Plants respond to a warm winter

Plants are responding to our warmer winter temperatures and gardeners may be seeing things that they have not seen before.  One example is that lemon grass, a normally frost tender herb, has formed flowers this winter.  On average, our area receives freezing temperatures in November and December and the lemon grass leaves will be killed.  Growth will then return with warm weather in the spring.

The mild winter temperatures this season have allowed lemongrass to develop attractive seed heads, a sight that is new to many who grow the plant in Pensacola. If the seeds are able to mature, we might have many seedlings emerging from this very aromatic herb and plenty to share in the Spring.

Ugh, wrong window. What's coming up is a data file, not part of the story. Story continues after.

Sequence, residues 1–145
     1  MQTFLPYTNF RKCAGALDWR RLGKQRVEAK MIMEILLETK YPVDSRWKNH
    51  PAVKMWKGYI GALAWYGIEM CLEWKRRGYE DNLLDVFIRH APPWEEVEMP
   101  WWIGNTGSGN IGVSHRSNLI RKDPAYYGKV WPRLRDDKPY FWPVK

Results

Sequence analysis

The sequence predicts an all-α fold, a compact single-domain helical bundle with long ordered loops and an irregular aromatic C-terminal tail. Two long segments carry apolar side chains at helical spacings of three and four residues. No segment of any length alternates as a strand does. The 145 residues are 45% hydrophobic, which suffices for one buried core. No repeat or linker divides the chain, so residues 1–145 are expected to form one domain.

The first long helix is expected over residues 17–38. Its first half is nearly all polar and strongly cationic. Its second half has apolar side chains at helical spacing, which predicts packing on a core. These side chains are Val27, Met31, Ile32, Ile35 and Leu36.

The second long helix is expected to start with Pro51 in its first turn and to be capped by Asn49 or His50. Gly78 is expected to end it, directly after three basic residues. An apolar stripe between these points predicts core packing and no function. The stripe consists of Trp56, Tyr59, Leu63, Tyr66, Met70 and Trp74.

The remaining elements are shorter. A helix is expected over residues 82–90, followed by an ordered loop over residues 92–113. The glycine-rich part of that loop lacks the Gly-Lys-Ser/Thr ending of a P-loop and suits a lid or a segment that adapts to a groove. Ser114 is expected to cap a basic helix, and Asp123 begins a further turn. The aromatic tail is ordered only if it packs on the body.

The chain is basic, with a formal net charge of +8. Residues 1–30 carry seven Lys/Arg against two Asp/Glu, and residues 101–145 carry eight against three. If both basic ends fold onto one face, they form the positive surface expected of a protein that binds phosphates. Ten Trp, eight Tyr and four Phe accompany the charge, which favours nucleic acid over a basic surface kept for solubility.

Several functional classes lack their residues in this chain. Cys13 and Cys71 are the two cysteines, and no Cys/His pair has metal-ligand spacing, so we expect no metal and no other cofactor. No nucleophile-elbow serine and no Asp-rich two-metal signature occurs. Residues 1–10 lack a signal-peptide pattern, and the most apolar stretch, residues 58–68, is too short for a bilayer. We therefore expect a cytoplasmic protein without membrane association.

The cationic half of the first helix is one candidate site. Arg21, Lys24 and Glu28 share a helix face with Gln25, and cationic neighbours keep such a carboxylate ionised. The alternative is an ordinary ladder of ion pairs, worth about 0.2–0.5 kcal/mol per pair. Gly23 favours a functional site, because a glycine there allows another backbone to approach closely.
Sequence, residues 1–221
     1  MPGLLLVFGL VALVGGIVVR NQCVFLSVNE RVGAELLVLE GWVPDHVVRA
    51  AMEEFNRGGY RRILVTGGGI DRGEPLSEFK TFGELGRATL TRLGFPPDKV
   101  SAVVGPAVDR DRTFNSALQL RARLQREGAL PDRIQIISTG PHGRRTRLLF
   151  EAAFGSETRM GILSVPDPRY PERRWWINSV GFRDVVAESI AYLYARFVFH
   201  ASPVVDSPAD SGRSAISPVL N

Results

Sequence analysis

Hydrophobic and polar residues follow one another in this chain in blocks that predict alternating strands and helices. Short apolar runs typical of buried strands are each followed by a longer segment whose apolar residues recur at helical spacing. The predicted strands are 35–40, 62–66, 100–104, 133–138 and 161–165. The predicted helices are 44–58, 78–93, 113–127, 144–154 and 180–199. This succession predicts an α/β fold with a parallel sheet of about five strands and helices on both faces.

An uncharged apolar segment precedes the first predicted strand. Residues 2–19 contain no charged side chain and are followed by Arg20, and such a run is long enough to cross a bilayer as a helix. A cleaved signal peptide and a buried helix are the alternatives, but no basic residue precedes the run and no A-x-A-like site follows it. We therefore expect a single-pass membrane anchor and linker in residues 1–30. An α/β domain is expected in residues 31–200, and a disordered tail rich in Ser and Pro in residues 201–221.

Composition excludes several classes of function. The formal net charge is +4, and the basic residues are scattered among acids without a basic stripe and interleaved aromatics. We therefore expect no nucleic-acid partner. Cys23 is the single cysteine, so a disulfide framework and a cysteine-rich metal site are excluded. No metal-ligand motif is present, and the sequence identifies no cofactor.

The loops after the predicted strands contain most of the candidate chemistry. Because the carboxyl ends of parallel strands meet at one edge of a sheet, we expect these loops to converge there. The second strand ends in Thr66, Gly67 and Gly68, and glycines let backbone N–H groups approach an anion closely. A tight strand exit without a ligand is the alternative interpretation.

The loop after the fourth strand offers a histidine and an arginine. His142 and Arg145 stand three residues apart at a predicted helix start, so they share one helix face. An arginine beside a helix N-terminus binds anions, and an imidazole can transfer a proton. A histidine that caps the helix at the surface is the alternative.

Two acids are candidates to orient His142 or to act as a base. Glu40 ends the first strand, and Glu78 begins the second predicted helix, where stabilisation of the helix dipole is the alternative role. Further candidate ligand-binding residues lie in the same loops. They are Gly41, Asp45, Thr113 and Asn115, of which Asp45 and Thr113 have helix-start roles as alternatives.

Seed heads on lemongrass are not a normal sight for many gardeners. Photo: Beth Bolles

Seed heads on lemongrass are not a normal sight for many gardeners. Photo: Beth Bolles

 

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